Los Angeles, March 9 – On the evening of February 27, Creed lll had its world premiere at the TCL Chinese Theatre in Los Angeles, CA. Without getting into too many details on the movie (because nobody likes spoilers!), if you haven’t seen the movie, what are you waiting for?
Creed III is one of the best films that I have seen in a while in the theater, and I am not the only one to feel this way – Creed III made box office history last weekend as the highest grossing sports film opening weekend in history. The fight scenes were incredible and, combined with its special effects (there is an especially powerful moment during the final climactic fight that is reminiscent of scenes from Anime films), made for a mind-blowing moviegoing experience. The film was very well written by co-writers Keenan Coogler and Zach Baylin, and produced by Ryan Coogler (director of Black Panther & Wakanda Forever). Moreover, Creed III happens to be Michael B Jordan’s directing debut. All the credit goes to him, his team, and the amazing cast that include Jonathan Majors, Tessa Thompson, Wood Harris, Florian Munteanu, and Phylicia Rashad. Most importantly, he elevated Black Deaf representation to another level with the amazingly talented Mila Davis-Kent, who plays Amara Creed, the daughter of Adonis Creed (Michael B Jordan).
What hit me hard watching Creed III was the opening scene with Amara. When she first appears early in the film, the first thing you see is beautiful Black Deaf representation on a gigantic screen. How often do you get to see that on the big screen in the theater? It is such a huge deal in the Deaf community, especially within the Black Deaf community, to finally have someone on the screen that they can relate to and have a role model that youth can look up to. It was amazing how Michael B Jordan depicted ASL (American Sign Language) authentically and seamlessly on the screen demonstrating, in various ways, unique cultural nuances of the Black Deaf community in South Los Angeles.
The film leaves open the question of how Amara became deaf. What I loved about this movie is that it never tries to answer this question or explain anything. Instead, the film encourages audiences to just accept her deafness. Some audiences may say it is hereditary because Amara’s mother Bianca (Tess Thompson) has a progressive hearing disability that has impacted her life throughout the Creed franchise. Bianca was a successful singer, as she always dreamed of being, but her hearing disability caused her to navigate a different career path, one that might have led to even more success than before acquiring this disability.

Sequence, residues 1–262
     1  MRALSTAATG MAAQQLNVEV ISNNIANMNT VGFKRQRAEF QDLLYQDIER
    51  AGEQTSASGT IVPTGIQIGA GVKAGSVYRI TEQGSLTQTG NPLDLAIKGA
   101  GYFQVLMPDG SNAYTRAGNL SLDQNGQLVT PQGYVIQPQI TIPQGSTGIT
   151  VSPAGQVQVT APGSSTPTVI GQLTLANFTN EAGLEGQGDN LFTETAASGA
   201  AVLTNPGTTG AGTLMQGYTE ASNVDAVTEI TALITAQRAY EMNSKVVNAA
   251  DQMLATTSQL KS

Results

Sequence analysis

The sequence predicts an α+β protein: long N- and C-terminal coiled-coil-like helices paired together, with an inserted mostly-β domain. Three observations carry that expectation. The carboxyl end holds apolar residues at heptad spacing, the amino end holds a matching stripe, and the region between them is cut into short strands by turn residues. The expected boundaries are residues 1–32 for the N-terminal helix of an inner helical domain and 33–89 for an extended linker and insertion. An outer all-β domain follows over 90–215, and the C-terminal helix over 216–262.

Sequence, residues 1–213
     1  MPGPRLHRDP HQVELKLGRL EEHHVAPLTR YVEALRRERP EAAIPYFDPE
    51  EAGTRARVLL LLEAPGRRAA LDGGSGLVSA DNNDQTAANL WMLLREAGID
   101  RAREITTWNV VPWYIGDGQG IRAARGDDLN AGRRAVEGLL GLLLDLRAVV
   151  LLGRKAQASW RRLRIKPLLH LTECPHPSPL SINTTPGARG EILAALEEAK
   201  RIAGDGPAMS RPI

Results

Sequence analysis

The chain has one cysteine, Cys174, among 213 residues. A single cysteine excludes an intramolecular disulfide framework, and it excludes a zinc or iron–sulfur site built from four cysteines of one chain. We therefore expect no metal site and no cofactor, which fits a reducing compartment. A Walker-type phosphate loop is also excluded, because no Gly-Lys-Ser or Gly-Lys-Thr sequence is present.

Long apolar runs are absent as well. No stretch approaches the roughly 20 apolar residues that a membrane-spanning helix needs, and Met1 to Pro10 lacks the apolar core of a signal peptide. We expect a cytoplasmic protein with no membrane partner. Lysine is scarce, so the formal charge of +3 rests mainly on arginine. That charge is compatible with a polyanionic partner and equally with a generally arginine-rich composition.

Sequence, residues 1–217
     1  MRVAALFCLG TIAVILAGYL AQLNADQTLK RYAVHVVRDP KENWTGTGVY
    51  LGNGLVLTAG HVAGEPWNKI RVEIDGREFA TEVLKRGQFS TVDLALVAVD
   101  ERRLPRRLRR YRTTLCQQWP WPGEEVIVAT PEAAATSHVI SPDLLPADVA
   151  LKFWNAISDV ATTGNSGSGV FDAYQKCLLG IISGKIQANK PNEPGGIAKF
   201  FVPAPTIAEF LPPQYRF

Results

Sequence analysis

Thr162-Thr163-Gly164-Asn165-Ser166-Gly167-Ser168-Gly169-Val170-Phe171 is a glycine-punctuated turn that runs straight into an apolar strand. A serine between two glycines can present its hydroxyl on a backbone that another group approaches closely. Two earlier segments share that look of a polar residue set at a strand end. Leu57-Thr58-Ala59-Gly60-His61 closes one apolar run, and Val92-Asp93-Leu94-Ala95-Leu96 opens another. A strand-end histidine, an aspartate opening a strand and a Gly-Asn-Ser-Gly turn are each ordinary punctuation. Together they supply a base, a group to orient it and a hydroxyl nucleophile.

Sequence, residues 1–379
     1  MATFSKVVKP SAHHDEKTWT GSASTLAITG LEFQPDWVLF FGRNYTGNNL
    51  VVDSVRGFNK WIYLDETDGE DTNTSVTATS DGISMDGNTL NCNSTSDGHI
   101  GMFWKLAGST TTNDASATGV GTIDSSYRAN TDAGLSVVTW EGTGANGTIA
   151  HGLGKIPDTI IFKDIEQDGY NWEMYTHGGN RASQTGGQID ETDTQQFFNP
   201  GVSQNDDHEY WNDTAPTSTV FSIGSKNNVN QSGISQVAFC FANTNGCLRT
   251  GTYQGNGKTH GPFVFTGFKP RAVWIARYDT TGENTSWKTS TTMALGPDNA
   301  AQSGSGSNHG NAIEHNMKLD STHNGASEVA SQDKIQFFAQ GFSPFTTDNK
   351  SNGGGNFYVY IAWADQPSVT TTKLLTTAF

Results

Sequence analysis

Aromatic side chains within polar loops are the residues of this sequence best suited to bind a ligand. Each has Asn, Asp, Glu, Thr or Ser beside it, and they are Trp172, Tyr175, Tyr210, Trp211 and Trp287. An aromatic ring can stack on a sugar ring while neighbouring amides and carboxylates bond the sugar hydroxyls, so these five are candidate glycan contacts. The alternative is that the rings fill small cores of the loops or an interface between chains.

I appreciated how the film causes audiences to realize that deafness may enter our lives in a variety of different ways and provides us with a wonderful model for navigating it, emphasizing open access to communication and language through ASL.
From Creed III, we get to see two stories that are unique but are very common to the ‘deaf experience’ – Bianca, a hearing person who progressively loses her hearing over time and uses her acquired disability to adapt and thrive as a professional and as a mother, and Amara, a person who is born Deaf, who embraces her Deaf identity with ease and enthusiasm as she pursues one of her parent’s passions (I won’t spoil the film by telling you which one!). I could really sense how the mother-daughter relationship plays a powerful role in each of their characters’ journeys. Big props goes to Jeremy Lee Stone, an ASL consultant who also appears as a deaf teacher in the film. That shows the importance of having an ASL consultant on the set.
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Michael B Jordan did a fantastic job putting all these complex pieces together on the screen, all of which felt like they were tied together with the authentic portrayal of ASL in the film. My favorite part is how every member in the Creed family uses ASL, which was in abundant use throughout the film, even to the point of showing various fluency levels in ASL, which is very authentic in mixed hearing/deaf families. The Creed family clearly made it a priority to ensure that they and Amara have full language access through ASL. This is what authenticity looks like on the screen.
Overall, the film was great! I predict a lot of awards nominations in their future, and they will be well deserved – the writing, performances, and direction all feel fresh and as impactful as their punches. The story itself feels so unique with its complex multicultural depictions that include intersectional disabled representation. As I said, how often do we see BIPOC Deaf representation on the screen, on an MGM-distributed film, no less?
The film hit the box office with perfect timing, and I hope we will see more films like this. I feel a deep appreciation for the producers, writers, and of course, director Michael B Jordan for creating this opportunity for BIPOC Deaf performers and professionals to share their talents on screen for the world to see!